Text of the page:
Sean is lucky enough to have virtual door-to-door subway service from home to work, but I have a good ten-minute walk from my Fifth Avenue subway stop to my office seven blocks farther downtown.
Looking to Disney for a provocative satire of fairy-tale princess movies is foolish. I knew that going in, but I was hoping, anyway, for some of the pluck of “Petronella” by Jay Williams or “The Long-Nosed Princess” by Priscilla Hallowell—stories I loved as a little girl for the way they applied the magical just-so quality of fables to stories featuring female characters with agency and personality. I wasn’t fundamentally opposed to happy endings or even to princesses; I just couldn’t get interested in girls who only sat there while the boys had all the fun and made all the decisions.
But Enchanted was a disappointment, both to the adult me disgusted with the whole princess culture and to the child me, hidden underneath the cynicism and doubt, hoping for an heir to Petronella and long-nosed Felicity. The movie makes feints in their direction. It lightly tweaks a few conventions and moralizes that after the whole love-at-first-sight thing, you might spend a while getting to know your Twoo Wuv, but all that is just filigree over a story that, at its core, is indistinguishable from those of the movies it teases: just another passive heroine, another lifeless romance.
The past couple of weeks have been difficult, as several members of my family have been hospitalized with serious health concerns.
The conventional wisdom regarding No Country for Old Men is that it represents a return to greatness for the Coen brothers, a return to the glory of Miller’s Crossing and Fargo. Maybe that’s true, but when I watched it, I didn’t see their fingerprints. I saw Cormac McCarthy’s.
I was introduced to McCarthy’s work during a seminar I took spring term of my senior year of college. I was miserably sick at the time (either a relatively mild case of shingles or a relatively bad case of mono, depending on which doctor you believe—it infuriates me that I don’t have a label to ascribe to two of the worst months of my life), so I stumbled through Child of God and Suttree and Blood Meridian in a weary, queasy fog—an all too appropriate state for those books, which, despite their lyricism, are so nightmarishly grim that they’ll leave you dazed if you aren’t already. Honestly, I don’t consider myself a particularly idealistic person (and god knows I’ve become angrier and more paranoid in the past few years), but if I shared the shockingly cynical, pessimistic worldview McCarthy’s work seems to reflect, I’d end my life.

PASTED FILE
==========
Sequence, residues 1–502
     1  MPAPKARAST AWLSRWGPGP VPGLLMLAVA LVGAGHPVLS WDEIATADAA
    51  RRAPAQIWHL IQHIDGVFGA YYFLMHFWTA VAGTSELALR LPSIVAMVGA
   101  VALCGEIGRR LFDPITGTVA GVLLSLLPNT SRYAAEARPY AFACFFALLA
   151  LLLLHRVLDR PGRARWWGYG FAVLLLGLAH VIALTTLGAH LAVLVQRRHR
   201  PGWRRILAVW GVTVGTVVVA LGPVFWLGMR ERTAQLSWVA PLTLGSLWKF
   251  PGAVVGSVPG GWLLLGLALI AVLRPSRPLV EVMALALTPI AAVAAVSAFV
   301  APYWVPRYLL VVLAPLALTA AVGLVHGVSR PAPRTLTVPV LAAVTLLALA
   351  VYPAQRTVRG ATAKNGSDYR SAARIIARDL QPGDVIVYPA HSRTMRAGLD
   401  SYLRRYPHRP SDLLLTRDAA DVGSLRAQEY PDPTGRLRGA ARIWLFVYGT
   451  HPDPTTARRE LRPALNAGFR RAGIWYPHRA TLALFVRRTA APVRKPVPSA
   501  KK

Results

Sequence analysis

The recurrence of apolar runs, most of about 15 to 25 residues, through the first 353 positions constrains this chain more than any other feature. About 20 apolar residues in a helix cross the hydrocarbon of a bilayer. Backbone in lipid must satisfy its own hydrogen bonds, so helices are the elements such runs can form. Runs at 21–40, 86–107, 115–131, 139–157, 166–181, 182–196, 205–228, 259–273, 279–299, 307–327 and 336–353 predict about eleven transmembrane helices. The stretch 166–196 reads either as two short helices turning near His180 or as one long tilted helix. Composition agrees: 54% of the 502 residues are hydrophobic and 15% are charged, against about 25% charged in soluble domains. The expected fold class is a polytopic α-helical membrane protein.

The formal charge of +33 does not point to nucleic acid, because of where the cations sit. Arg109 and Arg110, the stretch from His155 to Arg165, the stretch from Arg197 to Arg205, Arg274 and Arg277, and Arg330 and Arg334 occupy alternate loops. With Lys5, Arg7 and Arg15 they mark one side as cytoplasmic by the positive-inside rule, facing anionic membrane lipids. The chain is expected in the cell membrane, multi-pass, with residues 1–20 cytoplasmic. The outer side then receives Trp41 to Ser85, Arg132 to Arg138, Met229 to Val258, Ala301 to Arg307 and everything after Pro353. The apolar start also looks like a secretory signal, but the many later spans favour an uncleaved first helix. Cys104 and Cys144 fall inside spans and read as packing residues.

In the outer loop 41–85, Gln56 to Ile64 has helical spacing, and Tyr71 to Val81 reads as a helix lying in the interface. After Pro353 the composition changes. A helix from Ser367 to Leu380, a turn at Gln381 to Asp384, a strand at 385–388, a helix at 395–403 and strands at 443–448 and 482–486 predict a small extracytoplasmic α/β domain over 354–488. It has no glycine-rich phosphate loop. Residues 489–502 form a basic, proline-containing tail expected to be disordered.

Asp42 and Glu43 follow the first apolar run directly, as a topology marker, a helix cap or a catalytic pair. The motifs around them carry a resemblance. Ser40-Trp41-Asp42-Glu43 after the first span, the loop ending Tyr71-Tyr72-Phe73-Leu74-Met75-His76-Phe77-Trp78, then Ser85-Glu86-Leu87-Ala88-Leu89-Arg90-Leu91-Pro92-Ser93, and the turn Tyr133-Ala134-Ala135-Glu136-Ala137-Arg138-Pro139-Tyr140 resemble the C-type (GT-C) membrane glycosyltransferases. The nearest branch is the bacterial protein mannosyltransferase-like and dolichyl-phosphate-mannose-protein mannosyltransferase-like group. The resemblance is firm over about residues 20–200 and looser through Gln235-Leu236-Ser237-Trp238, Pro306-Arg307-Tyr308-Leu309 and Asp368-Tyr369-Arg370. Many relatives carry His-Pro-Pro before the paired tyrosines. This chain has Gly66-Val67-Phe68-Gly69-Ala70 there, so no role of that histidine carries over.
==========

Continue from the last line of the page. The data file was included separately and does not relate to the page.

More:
In any case, watching No Country for Old Men was like reading Blood Meridian. I appreciated its artistry and even enjoyed parts of it in a detachedly intellectual sort of way, but I spent much of the time desperate for it to be over.
Wednesdays at 8 p.m. on ABC. Five episodes into the first season.
One person’s charmingly sweet whimsy is another’s nauseatingly twee kitsch, and I expected Pushing Daisies would be the latter for me. The convoluted premise, the supersaturated Technicolor visuals, the morbid subject matter, the interminably chaste romance—I wasn’t interested. But our Tivo recorded the pilot on its own, and I thought, what the hell, and despite myself, I fell for the extravagantly quirky drama. It has a genuinely warm heart underneath all the baroque eccentricities, and those baroque eccentricities have grown on me, too. If nothing else, Pushing Daisies is truly distinctive: a unique little gem in a landscape of cop shows, melodramatic soaps, tired sitcoms, and reality TV.
Special exhibition at the New York Botanical Garden through November 18.
Metaphorically speaking, there’s something unsettling and sad about taking living beings, denying their natural beauty, and forcing them to conform to a standard not their own. But in this case, we’re talking about chrysanthemums (kiku in Japanese), not people, and the results are so extraordinary that even I can’t work myself into too much of a huff over thematic implications.
The botanical garden’s Kiku exhibit showcases traditional Japanese techniques of cultivating the colorful flowers. Plants are trained over a course of months to develop the blossoms for various established forms, supported by frameworks of wire, bamboo, and wood.
The Metropolitan Opera on Monday, November 5.
At the performance of Aida I attended, a set change drew an enthusiastic round of applause. That cracked me up (a set change?—really?!), but to be fair, the spectacle of Aida is half the fun, and this particular production, by Sonja Frisell, features gorgeous sets that manage to be dramatic without stumbling into kitsch—quite an achievement considering how strongly Egyptian iconography is associated with the Bangles and Steve Martin in American pop culture.
Similarly, the bare plot of Aida—a tragic love triangle between a soldier, a princess, and her slave (secretly a princess herself)—would suggest silly melodrama, like the ballet La Bayadère, but for the most part, the opera avoids that. The three main characters each struggle to reconcile duty to one’s people and duty to oneself, and that theme elevates the lurid romance. Aida’s aria “O patria mia,” for example, is genuinely affecting, a beautifully pained elegy for a lost homeland.
Which leads me to the music. Verdi took the libretto’s Egyptian setting as license to dabble in eerie modal melodies and striking orchestration, and the result is a thoroughly Romantic opera that doesn’t sound quite like any other Romantic opera. Authentically Egyptian it’s not (though of course, we have very little idea what music of the pharaonic period would have sounded like anyway), but it does create a luminous, mystical aura. The achingly beautiful melodies—hinting at far-flung locales—make the star-crossed love story seem exotic instead of familiar.